The Great Ed. Tech. Debate: “Openness and sharing is bad for our kids”

This weeks topic for our classes ed. tech debate focus on the statement, “Openness and sharing is bad for our kids”. For this debate, Ashley took the pro side while Dryden represented the con side. Each presenter provided a valid argument with interesting points that make you consider both arguments. Often times in these debates, there is a place that exists where both sides of the debate come together to form a middle ground. For myself, this is exceptionally prevalent in this debate.

Pro Side: During Ashley’s debate she raised the following points:

Jonatan Svensson Glad (Josve05a) Flickr via Compfight cc
  • Student consent is not always considered; in that, the student is not always asked about what is being posted, rather it may be the parent or guardian making that decision.
  • Digital footprints are not always being created by the student.
    • An article Ashley shared speaks to how student work is published online; for example, by using digital portfolios. The article discusses how students aren’t always given choice in regards to if their work is shared privately or in a public domain.
  • Jo Zimny Flickr via Compfight cc

    Puts students in the spotlight.

    • Students may be embarrassed by photos or work being shared online.
    • Some students and their parents/guardians prefer to be selective about their digital footprint and what is shared online and that should be respected. This topic is also brought up in an article Ashley shared about student photos and if they should be shared in online spaces.

Con Side: Dryden then shared the following points:

  • Through technology, students are better able to share the knowledge they have learned by sharing online.
  • Be open with parents, let them decide what they are comfortable with in terms of what is being shared in an online space.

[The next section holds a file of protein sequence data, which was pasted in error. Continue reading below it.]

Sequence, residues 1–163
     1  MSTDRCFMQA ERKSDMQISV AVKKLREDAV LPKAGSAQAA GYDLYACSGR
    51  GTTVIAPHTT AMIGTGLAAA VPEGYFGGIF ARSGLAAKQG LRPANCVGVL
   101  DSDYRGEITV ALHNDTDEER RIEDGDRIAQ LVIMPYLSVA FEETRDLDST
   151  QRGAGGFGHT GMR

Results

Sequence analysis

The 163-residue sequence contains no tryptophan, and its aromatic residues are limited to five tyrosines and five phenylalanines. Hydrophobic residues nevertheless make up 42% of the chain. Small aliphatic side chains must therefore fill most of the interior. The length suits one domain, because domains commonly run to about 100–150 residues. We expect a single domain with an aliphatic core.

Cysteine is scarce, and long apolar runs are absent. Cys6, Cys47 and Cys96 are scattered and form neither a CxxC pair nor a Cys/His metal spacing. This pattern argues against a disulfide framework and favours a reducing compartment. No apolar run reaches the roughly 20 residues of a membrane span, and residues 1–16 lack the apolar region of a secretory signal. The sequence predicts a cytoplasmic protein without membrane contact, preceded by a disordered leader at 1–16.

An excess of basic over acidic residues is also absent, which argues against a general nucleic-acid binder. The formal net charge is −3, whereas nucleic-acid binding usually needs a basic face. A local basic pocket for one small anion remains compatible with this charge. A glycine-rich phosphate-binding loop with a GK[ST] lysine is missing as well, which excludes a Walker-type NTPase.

• Dryden shared an article that speaks to building trust and fostering an environment that is open to ideas, perspectives, and listening in the classroom. I think these concepts can be brought into this conversation surrounding technology and how it is used in the classroom as students and their parents/guardians will have varying perspectives and beliefs.
  • Documenting students growth and learning online provides parents and guardians to explore what their child in learning through different means such as blogs.

    One Click Group UK Flickr via Compfight cc
  • Provides students with the opportunity to access notes or examples from home.
  • Encourages interaction and communication between home and school.



Overall, both Ashley and Dryden did a great job sharing their knowledge with the class and provided a stimulating debate in regards to openness and sharing with technology.


3 thoughts on “The Great Ed. Tech. Debate: “Openness and sharing is bad for our kids”

  1. Ms.Sydney McGrath

    Hi Katlyn! This is a wonderful blog post that does a great summary of the debate topic that was discussed last week! I would like to hear your perspective of the topic after you listened to these arguments! I am very much so in the middle when it comes to this debate! Thanks for sharing!

    Liked by 1 person

  2. Hey Katlyn! I am right with you in not really being able to take a side on this debate! So many of these topics we are discussing and debating over are difficult to be strongly on one side or the other of, and the debaters make it even harder with their amazing points and arguments! I can’t wait for the rest of the debates, including mine! These first few debates have set the bar pretty high so I hope I can compete!

    Liked by 1 person

  3. Hi Katlyn,

    You have such a beautiful blog and I really like the way you organize your posts. You hit every detail from the debate and are very informational. I too, along with many others, are on the fence with this one. I think there needs to be a lot of consideration when deciding whether or not to share students’ work/photos on social media.



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